Having doubled in the first three months of 2021, the price of bitcoin tumbled by almost 40% in the second quarter as regulators engaged in a further clampdown in the war against its use to launder money and concerns intensified about the environmental impact of bitcoin mining which requires vast amounts of electricity. We continue to regard bitcoin and other cryptocurrencies as highly speculative investments which are wholly unsuitable for use in the portfolios we manage.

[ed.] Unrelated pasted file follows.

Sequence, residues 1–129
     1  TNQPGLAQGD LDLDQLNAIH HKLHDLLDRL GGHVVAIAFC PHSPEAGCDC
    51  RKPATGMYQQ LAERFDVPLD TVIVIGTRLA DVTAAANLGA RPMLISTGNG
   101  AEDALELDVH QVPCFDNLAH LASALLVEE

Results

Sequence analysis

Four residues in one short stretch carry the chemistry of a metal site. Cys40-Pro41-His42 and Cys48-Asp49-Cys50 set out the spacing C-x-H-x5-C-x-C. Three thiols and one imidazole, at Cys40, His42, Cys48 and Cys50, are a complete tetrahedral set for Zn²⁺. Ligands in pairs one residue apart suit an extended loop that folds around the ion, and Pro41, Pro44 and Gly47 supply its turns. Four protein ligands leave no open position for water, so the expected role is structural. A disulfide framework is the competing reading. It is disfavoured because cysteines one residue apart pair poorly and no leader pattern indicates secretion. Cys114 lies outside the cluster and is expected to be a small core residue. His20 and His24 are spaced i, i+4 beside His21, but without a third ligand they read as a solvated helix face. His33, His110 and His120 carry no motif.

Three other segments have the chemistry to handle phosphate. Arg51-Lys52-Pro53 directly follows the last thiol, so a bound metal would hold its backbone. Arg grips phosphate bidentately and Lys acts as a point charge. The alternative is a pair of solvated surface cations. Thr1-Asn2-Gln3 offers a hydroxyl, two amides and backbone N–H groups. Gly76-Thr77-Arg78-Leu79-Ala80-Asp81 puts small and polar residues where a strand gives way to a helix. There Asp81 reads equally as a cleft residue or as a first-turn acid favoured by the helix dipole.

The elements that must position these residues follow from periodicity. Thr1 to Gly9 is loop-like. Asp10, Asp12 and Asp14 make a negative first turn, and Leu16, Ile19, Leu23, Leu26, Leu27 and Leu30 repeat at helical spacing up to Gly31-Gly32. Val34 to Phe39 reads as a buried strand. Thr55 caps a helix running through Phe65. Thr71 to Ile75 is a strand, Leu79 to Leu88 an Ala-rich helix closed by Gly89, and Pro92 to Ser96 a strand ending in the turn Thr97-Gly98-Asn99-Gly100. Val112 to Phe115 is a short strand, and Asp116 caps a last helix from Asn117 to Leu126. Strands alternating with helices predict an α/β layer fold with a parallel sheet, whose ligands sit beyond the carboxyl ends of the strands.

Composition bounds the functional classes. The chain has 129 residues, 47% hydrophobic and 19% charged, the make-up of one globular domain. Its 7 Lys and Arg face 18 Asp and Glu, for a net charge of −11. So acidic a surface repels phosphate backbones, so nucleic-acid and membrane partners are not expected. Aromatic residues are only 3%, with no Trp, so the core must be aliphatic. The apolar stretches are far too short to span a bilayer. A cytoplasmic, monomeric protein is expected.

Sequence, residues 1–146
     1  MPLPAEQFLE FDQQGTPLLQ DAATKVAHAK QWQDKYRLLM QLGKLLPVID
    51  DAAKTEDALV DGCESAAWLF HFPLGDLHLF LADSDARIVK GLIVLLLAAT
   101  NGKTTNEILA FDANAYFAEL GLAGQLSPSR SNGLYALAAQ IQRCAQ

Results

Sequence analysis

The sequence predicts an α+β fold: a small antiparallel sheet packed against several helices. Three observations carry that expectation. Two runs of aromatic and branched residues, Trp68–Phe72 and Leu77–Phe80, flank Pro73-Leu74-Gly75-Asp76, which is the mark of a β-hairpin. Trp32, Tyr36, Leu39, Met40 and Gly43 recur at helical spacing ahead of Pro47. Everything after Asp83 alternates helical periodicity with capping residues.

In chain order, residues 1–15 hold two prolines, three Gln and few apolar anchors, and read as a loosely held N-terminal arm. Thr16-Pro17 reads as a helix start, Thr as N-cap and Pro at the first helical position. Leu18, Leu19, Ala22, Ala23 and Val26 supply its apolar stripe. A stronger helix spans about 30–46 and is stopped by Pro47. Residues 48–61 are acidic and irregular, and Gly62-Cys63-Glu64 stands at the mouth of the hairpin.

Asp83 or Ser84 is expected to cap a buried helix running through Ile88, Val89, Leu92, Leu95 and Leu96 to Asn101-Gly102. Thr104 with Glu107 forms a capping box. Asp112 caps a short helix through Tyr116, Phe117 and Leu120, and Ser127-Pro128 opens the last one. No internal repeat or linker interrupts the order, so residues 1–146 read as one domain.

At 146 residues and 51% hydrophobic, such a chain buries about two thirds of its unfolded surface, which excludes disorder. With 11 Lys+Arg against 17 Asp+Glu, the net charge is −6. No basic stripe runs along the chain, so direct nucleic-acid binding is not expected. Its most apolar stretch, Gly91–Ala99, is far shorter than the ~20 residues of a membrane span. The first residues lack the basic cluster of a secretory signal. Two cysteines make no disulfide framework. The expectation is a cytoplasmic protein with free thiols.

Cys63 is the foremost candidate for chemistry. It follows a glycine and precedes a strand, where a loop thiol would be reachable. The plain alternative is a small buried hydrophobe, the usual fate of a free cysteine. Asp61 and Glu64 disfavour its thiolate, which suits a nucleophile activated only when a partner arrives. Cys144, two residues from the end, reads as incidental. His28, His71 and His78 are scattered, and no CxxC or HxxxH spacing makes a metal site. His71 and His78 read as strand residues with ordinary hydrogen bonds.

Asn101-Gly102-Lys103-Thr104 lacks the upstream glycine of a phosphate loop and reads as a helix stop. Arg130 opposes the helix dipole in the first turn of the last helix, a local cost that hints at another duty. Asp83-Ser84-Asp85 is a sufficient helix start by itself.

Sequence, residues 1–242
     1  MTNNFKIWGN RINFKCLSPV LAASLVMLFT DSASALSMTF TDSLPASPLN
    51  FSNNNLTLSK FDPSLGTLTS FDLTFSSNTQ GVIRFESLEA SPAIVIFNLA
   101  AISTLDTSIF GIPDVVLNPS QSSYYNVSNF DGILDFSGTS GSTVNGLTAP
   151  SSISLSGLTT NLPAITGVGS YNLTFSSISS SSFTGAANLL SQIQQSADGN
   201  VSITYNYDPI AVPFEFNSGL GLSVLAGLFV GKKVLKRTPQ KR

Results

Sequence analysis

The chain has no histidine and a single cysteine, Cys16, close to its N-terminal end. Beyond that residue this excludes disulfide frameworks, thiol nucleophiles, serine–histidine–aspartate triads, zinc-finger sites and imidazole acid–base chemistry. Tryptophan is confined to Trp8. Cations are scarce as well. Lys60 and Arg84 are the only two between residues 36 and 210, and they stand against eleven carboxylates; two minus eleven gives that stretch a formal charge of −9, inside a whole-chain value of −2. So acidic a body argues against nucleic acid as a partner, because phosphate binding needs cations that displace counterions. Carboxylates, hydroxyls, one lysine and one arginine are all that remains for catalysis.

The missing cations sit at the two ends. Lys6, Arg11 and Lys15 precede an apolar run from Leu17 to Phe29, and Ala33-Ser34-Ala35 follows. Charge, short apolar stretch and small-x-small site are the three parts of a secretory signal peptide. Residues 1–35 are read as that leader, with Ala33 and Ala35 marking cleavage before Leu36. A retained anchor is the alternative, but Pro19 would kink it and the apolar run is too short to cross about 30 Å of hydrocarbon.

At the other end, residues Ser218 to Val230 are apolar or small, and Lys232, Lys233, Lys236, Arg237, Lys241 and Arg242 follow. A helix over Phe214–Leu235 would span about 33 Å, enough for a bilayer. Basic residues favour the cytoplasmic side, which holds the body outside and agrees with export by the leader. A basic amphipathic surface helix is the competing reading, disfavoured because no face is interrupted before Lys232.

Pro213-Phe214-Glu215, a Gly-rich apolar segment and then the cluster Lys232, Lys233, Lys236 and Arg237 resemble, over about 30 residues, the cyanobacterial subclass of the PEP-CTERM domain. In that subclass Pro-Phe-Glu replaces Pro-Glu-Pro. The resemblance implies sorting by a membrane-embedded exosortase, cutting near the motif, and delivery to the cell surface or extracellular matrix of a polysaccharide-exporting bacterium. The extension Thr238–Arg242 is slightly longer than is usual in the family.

Our decision to exit from investments in property funds a few years ago has been proved a very good one, not only because the opportunity costs of investing in the sector have been very substantial but also because we have avoided the anguish of being stuck in investments which we might have been unable to sell for more than a year.  Most property funds have now lifted their suspensions of redemptions which were imposed on investors in the first quarter of last year but the outlook for the sector remains  highly uncertain. Big question marks remain about the  values of many office and retail properties. In addition, the FCA has delayed its verdict on how to resolve the gaping mismatch in liquidity between daily-dealing property funds and their underlying assets. We will remain on the sidelines.